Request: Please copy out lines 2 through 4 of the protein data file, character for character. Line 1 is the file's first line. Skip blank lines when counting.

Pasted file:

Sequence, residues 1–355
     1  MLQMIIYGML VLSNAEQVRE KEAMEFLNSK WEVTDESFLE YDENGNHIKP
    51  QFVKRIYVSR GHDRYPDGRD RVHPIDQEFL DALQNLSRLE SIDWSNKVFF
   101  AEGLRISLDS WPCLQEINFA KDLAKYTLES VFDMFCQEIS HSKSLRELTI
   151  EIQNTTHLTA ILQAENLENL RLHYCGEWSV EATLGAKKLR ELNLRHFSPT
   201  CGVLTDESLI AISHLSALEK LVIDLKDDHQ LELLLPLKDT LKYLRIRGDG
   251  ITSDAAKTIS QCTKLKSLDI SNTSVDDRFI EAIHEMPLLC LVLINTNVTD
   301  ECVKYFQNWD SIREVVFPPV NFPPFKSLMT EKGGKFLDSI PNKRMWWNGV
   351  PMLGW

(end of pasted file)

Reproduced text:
     1  MLQMIIYGML VLSNAEQVRE KEAMEFLNSK WEVTDESFLE YDENGNHIKP
    51  QFVKRIYVSR GHDRYPDGRD RVHPIDQEFL DALQNLSRLE SIDWSNKVFF
   101  AEGLRISLDS WPCLQEINFA KDLAKYTLES VFDMFCQEIS HSKSLRELTI